Survivin is a recently characterized smallest member of the Inhibitor of Apoptosis (IAP) family of proteins, a cluster of genes playing an important role in apoptosis regulation, involved both in the cell death regulation and the different aspects of cell division. The gene encoding Survivin is located on chromosome 17q25 in humans. This single gene contains four exons and three introns and gives rise to alternatively spliced transcripts. Among the IAP family members, Survivin has certain unique characteristics. The first is its structure which contains 142 amino acids, approximately 16.5 kDa, with a single baculovirus IAP repeat domain and lack of zinc binding C-terminal Really Interesting New Gene (RING) finger domain and a caspase recruitment domain. The second is its dual role as a bifunctional protein.[1]

Biological functions of Survivin include inhibition of apoptosis through several pathways and proper execution of mitosis and cell division. Survivin can directly interact with caspases leading to the inhibition of caspase activity, or Survivin can inhibit the function of a pro-apoptotic complex called second mitochondria-derived activator of caspase (Smac)/direct IAP binding protein with low isoelectricpoint (DIABLO). In addition to its anti-apoptotic function, Survivin can form a complex with Aurora B kinase and the inner centromere protein, called INCENP, during the Gap2/Mitotic phase (G2/M) of the cell cycle to help in the proper segregation of chromosomes. Several signalling pathways have been involved in the regulation of Survivin expression such as transforming growth factor β (TGF-β) and p53 signalling pathways.[2]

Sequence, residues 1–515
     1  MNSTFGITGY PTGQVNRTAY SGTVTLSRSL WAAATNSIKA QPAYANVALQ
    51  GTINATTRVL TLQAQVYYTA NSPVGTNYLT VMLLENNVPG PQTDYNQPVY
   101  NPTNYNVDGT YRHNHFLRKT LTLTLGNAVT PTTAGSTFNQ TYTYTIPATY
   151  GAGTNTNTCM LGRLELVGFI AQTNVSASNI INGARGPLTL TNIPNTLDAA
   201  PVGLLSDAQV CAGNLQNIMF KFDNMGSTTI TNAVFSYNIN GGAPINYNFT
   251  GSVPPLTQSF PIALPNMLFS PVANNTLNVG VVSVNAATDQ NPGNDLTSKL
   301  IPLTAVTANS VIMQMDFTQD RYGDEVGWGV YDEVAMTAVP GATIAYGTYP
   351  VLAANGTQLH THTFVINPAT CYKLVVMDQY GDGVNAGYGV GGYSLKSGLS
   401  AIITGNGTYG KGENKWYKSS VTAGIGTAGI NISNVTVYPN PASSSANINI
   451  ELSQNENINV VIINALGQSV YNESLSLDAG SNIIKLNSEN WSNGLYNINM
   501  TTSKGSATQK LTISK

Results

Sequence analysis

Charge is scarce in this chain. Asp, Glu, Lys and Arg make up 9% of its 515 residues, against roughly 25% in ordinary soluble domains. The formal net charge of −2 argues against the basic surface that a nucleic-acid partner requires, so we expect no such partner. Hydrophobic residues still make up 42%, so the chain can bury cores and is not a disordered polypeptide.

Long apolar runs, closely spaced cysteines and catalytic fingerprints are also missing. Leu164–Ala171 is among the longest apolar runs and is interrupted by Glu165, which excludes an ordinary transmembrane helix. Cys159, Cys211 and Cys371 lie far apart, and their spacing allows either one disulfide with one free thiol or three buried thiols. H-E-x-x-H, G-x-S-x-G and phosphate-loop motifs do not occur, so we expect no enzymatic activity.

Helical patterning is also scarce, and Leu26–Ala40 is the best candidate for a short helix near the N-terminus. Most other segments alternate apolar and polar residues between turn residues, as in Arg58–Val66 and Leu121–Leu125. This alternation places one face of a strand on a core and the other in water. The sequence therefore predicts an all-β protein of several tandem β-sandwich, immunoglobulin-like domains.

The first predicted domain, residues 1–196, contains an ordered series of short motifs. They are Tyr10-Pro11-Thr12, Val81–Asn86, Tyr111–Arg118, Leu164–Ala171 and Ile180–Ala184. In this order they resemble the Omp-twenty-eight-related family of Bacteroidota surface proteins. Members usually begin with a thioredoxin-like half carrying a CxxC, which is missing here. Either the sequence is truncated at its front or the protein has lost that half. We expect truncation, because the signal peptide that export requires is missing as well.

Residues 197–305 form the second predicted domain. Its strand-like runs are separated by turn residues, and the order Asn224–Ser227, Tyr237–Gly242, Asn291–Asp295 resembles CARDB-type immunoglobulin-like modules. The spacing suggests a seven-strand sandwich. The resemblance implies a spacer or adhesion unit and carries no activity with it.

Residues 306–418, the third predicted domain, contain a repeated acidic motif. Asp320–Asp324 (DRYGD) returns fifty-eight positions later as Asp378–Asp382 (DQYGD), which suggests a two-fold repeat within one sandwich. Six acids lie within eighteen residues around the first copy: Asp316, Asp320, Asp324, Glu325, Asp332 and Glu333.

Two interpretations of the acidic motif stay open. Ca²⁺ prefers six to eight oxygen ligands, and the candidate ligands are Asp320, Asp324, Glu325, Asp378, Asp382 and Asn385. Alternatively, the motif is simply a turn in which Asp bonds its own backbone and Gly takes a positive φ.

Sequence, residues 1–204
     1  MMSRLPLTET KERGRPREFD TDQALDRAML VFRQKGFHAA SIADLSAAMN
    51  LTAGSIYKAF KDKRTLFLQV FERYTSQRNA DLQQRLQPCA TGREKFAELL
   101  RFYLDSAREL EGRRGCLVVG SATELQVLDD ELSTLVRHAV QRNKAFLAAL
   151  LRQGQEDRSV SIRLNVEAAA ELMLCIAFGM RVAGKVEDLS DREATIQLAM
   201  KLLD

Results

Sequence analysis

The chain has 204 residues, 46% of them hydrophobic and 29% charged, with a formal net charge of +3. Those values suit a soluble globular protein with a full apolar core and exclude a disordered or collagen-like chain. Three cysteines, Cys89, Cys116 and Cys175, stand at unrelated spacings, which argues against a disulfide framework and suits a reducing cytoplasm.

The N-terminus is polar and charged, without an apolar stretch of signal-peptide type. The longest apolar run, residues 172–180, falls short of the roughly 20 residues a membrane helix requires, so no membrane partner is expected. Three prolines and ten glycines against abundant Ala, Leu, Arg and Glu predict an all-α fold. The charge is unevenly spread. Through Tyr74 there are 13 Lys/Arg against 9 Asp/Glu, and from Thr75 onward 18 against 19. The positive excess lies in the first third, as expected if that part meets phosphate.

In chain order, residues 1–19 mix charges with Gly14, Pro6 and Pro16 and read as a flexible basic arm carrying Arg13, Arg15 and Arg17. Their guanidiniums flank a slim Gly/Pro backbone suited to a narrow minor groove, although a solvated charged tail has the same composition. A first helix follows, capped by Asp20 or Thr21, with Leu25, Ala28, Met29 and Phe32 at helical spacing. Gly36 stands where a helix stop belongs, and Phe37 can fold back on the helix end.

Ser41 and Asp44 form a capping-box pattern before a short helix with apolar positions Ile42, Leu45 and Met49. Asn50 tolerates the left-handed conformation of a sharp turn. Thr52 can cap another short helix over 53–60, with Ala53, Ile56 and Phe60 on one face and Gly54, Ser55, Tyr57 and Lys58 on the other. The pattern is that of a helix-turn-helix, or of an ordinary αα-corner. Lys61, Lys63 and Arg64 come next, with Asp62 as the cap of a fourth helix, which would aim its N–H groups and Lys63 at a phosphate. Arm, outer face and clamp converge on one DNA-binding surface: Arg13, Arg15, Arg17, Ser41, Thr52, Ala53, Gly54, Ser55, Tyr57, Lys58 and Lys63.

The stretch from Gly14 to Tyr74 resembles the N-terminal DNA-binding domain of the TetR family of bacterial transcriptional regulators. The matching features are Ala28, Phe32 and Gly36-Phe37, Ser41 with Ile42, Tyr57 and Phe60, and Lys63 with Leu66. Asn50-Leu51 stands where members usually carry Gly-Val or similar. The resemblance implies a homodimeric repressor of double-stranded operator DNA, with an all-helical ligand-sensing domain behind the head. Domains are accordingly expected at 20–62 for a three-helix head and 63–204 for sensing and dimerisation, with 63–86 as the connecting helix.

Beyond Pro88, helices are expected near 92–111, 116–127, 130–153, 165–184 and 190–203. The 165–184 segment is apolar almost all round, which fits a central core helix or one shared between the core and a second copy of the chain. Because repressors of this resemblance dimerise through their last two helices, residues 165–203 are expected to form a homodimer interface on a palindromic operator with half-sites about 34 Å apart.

In addition to being a well-known inhibitor of apoptosis, Survivin also plays a role in promoting cell proliferation and angiogenesis.[3] Unlike other IAP proteins, Survivin is expressed during embryonic and fetal development and may be important in tissue homeostasis and differentiation. However, Survivin is completely downregulated and undetectable in normal, terminally differentiated adult tissues, and becomes prominently expressed in most of the common human cancers, including cancer of the lung, colon, stomach, esophagus, uterus, ovary, pancreas, prostate, breast, and melanoma skin cancer. High Survivin expression in tumors correlates with more aggressive and invasive clinical phenotype.[4],[5]

In recent years, the number of molecular-based assays has increased, however, histopathology remains the gold standard for most diagnostic and therapeutic decisions. Immunohistochemical staining is becoming a globally available tool that complements histopathological analysis by detecting gene expression at the protein level.[6]

The present study was conducted to observe the expression of Survivin in oral leukoplakia (OL) and oral squamous cell carcinoma (OSCC) and to compare the intensity of immunohistochemical staining with respect to different histological grades of the same.


  Materials and Methods Top